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Respiratory Therapist/Breathing problems


About 3 years ago I started having breathing difficulties.  A pulmonologist had me have a CT scan, repeated 2 times and after 2 years gave me a clean bill of lung health.  By this time the breathing was much worse and I was sent to a heart doctor who put me through all tests up to a catheterisation,and said my heart was of a 20 years old. I'm 74.  Meanwhile, the breathing difficulties are getting worse specially in the morning, after I get up and move a little. I cannot take a walk anymore, don't have any energy.  There's also a wheezing in my chest. Caffeine seems to be one thing that gives some relief.  I hope you may have heard of cases like mine that a lung specialist and a heart specialist never heard.  Thank you for the attention you may give my problem.

    I am sorry that you are having breathing problems. It is a problem that makes everything we do extra hard and extra tiring.
    You did not mention whether your pulmonologist administered a Pulmonary Function Test (PFT). This test measures the airflow in and out of the lungs and the capacity of the lung to hold various volumes of air. It is usually given with a bronchodilator so that the physician can see if this particular type of medication is effective.
    Most lung diseases cause not difficulty with getting the air into the lung but, conversely, getting air out of the lung. I am assuming that the wheezing you mention is on expiration, when you breath out. Caffeine is a vasoconstrictor and, therefore, may be reducing the effects of inflammation in your lungs.
    The next time you find yourself wheezing do this: breathe in through your nose and out through pursed lips (make your lips like you are going to kiss someone). If this seems to help your breathing you may have an obstructive type lung problem.
    If you have not had a PFT you need to have one. Two years is a long time and if you had one then I would suggest you get another PFT for comparison.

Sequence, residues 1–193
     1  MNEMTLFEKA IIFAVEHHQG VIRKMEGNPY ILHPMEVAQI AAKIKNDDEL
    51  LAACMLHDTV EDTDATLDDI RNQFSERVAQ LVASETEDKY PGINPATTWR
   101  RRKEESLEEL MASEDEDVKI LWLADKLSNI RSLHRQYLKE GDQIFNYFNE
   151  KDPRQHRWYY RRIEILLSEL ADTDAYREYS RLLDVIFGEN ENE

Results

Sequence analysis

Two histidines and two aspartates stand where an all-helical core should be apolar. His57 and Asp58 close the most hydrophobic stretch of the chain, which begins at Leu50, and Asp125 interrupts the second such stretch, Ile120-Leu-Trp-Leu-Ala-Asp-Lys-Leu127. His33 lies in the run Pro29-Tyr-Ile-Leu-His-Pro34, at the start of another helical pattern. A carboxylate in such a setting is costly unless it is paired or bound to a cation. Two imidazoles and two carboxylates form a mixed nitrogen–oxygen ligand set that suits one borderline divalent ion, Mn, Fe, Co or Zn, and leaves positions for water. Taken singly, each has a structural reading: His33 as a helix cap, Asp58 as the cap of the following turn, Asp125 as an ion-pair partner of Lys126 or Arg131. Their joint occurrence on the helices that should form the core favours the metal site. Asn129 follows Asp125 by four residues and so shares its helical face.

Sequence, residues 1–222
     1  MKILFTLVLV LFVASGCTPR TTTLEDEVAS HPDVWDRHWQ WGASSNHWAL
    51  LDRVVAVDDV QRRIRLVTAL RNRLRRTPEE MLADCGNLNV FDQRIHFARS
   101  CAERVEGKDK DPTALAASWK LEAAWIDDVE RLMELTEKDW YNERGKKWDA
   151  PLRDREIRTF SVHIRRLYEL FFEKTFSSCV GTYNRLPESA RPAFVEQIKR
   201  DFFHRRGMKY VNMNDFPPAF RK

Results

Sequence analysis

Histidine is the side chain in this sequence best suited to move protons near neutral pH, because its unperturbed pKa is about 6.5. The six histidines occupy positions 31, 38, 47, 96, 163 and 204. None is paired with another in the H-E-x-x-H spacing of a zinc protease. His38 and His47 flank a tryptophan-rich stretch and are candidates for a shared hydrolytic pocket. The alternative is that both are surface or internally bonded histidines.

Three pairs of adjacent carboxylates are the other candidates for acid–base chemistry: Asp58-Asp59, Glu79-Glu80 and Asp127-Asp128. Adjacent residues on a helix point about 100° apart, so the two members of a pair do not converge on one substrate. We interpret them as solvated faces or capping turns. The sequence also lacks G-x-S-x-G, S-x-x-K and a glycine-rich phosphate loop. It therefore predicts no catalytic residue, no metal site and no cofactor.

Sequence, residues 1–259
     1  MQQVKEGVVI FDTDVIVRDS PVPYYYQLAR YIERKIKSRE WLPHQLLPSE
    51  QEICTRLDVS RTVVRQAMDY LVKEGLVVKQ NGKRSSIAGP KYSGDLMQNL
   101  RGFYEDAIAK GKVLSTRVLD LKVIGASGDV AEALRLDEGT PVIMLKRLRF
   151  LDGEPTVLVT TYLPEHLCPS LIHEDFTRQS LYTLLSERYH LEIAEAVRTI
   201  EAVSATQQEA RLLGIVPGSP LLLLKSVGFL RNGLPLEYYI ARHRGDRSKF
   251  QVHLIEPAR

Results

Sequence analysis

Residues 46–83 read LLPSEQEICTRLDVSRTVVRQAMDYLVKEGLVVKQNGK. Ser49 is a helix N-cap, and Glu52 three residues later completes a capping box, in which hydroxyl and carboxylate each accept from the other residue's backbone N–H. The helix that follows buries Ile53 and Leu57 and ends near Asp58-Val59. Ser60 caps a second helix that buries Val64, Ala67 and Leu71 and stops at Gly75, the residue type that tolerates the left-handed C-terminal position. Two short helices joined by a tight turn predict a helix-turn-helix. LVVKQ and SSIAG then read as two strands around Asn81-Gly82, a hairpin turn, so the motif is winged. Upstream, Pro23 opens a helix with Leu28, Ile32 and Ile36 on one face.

You have something going on and I would suggest a second opinion. Medication is available that will alleve and control your symptoms. You need not be a pulmonary cripple.
Good Luck.

---------- FOLLOW-UP ----------

QUESTION: Thank you, Richard, for being so prompt in answering.
As far as I know, I never had a PFT test.Well, maybe I had without realizing it.  I remember blowing into something and the doctor saying categorically that I did not have asthma, as I had suggested.  Every time I saw this doctor was in the afternoon, when I'm usually better and my chest doesn't wheeze.
This morning I did what you suggested and indeed the wheezing got instantly better. I just saw in this site an advertisement for a walk-in clinic at Walgreen.  Do you think they can give me something there?.  After my experience with 3 doctors, I feel that I need some different approach.  I'm immensely grateful for your help.

    I am glad my suggestion for pursed lip breathing was of help.
    Here is what I would do if I were in your position. I am not sure if the walk-in clinic would be of value but it sure wouldn't hurt anything. If I were you I would go to Walgreen's and ask for a Peak Flow Meter. It is a device that measures how fast you can get air out of your lungs. Asthmatic's use it to measure how they are doing day to day and if they are nearing their danger zone for a protracted asthma episode.
    Once you have the peak flow meter every morning blow in it and keep a log of your reading. You might want to do it in the morning, afternoon and at night. If, indeed, you are having greater difficulty in the AM as opposed to later on in the day this will give you measurable proof to show your physician.
    It does sound like your doctor did do at least a peak flow measurement. However, if you were not symptomatic of course it wouldn't show anything. There is a PFT component that challenges the lungs with an irritant to provoke an asthmatic type episode. At any rate, I would still insist on a pre and post bronchodilator PFT with flow volume loops. This test would put to rest, once and for all, any question of any type of obstructive lung problem you might have.
Good luck.

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Richard Manlove


All questions regarding the cardiopulmonary system, respiratory care, critical care.


Practicing registered respiratory therapist since 1969 in all respiratory care settings. Educator - co-owner Texoma Healthcare Educators. Lecturer at Oklahoma State University School of Nursing

RRT, CRT, ACLS, BS, AS (nursing)

Awards and Honors
Invited speaker: 51st International Respiratory Care Congress

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